The last thing I did before sitting down to write this is buy a loaf of sourdough bread to last me the trip. I expect to be traveling until at least 10pm tonight, so the bread should last me the day with no time to stop for meals.

    My flight boards in 25 minutes. Here’s hoping it goes smoothly.

    11:28 PM: safely on the ground

    The flight did go safely, if not smoothly. There were a few summer storms to go through and around, so there was some turbulence. We arrived in JFK only 45 minutes late, though. I count that as not bad. I was fortunate enough to encounter a friend at the baggage carousel, and since she was planning to take a cab into the city anyway, we shared a taxi and I had an easier trip to Grand Central Station. From there, I hopped on a train back to school, and I am now settled in my dorm room, safe and sound.

    The Timbuk2 Commute 2.0 Laptop Messenger Bag

    Commute 2.0 and Mini MetroThose who know me quickly find out that I am a big fan of Timbuk2 messenger bags. I’ve had a small Classic Messenger since high school, and last year I bought one of their Mini Metro bags while it was on clearance. The Mini Metro makes the perfect everyday purse, and the Classic Messenger held books and things going between classes these past two years. Both bags have served me well. My favorite part is how much stuff they hold: my Classic Messenger holds almost as much gear as a school backpack, and the Mini Metro not only accommodates all my personal items, but also is capable of holding a jacket if I want to take it off or need one for later. Timbuk2 is even based in San Francisco; what more could I ask for?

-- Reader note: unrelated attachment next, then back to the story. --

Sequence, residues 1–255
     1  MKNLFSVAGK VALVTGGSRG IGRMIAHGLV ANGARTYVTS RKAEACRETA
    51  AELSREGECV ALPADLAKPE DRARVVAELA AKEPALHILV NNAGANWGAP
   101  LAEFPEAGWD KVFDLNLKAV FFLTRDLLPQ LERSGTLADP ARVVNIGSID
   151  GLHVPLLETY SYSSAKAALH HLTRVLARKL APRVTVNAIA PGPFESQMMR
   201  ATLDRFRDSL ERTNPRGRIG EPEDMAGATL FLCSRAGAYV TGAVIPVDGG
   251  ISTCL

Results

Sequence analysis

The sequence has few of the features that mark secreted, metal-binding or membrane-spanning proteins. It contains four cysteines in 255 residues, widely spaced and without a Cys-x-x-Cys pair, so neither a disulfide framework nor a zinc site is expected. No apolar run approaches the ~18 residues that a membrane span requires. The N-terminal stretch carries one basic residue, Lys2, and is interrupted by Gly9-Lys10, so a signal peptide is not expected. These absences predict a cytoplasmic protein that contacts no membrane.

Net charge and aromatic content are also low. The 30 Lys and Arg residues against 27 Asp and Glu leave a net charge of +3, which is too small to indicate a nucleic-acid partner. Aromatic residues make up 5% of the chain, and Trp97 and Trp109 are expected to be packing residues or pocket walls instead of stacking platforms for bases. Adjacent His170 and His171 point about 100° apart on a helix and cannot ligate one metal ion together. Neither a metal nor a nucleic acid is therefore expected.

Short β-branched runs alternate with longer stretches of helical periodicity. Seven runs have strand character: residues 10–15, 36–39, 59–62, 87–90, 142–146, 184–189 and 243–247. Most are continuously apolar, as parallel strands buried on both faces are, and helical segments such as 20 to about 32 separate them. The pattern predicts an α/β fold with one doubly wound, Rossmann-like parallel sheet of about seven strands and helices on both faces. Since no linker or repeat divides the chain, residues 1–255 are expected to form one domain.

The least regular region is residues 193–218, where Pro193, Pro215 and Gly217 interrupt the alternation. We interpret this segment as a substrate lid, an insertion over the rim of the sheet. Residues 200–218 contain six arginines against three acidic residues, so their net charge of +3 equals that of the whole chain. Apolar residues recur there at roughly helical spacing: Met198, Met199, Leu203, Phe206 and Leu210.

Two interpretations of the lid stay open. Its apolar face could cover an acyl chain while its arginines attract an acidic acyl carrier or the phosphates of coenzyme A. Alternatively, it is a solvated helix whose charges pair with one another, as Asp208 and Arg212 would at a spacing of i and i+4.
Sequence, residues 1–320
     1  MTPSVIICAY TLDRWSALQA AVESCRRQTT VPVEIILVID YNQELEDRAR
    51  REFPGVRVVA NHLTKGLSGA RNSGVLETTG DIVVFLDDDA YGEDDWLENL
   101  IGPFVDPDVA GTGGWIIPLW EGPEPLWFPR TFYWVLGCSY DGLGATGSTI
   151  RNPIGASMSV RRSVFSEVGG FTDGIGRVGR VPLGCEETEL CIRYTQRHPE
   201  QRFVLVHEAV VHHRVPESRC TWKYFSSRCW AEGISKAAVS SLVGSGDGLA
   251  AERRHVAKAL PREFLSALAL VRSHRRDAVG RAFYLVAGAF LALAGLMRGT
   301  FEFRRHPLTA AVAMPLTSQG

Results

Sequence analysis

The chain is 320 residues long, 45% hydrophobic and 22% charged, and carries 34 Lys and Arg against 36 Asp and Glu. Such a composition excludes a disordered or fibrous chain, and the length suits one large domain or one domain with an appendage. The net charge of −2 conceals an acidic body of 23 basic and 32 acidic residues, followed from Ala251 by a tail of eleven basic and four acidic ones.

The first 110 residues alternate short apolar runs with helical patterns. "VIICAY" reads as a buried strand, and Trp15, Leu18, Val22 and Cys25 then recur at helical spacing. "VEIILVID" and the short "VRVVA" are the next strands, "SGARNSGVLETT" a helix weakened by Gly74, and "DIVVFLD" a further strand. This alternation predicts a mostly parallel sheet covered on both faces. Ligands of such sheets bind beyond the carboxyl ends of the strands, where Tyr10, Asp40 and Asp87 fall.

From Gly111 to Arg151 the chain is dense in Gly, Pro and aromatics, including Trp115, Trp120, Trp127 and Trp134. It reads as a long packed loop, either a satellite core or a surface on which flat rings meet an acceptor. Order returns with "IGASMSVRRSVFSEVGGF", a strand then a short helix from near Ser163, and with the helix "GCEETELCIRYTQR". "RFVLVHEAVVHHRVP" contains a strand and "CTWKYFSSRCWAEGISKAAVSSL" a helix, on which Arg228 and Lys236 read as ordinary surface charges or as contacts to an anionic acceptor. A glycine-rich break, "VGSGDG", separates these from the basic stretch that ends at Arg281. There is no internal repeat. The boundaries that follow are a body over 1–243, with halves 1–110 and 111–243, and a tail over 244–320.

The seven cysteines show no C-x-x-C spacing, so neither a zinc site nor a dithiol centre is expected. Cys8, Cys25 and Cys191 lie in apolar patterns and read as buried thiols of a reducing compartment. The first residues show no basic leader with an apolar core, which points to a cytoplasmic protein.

Alas, for the past two years, my laptop has been missing out on the action. I have a separate laptop bag I’ve toted it around in, but when I need to bring both books and my computer somewhere, I either have to stuff both into one bag (not safe for the laptop) or carry both the laptop tote and a bag of books (not fun for me).

    The great news is that Timbuk2 introduced the Commute 2.0 (a redesign of their original Commute bag) last June, and ever since I saw the announcement, my laptop has begging for it. I held off for a while until they came up with a few new colors, but yesterday I went to their flagship store in San Francisco and bought it in black with the intention of decorating it somehow (probably with silver sharpies or pins). Now I will be able to carry both my computer and my textbooks to class without endangering the computer.

    Commute 2.0 (open)The big selling point of this bag is that it is TSA compliant, meaning that I do not have to remove my laptop from the bag at the TSA checkpoint when I carry my computer on a plane. Here’s how it works: the computer goes into a self-contained compartment on the back of the bag. When you get to the security checkpoint, you unzip the compartment and lay the bag flat open like a book, so that there is no metal above or below the computer (the image makes it a lot clearer). I will have the opportunity to test this ability when I fly to New York on Friday, and I’m excited not to have to dig in my overstuffed backpack to pull the laptop out, and then spend 10 minutes trying to stuff it back in afterward.

    Other perks include:

    • More pockets than I ever could have expected (I count 17 individual compartments)
    • Exterior water bottle pocket (though I think I’ll use it for my phone)
    • Included grab handle on the top and comfort pad on the strap
    • Reflector tabs for visibility at night
    • Promoting SF-made products

    I’m very excited to have bought this bag before going back to school; we’ll see how it holds up in an actual educational environment. I’d love to hear any ideas on how I should decorate it; expect pictures on how that turns out!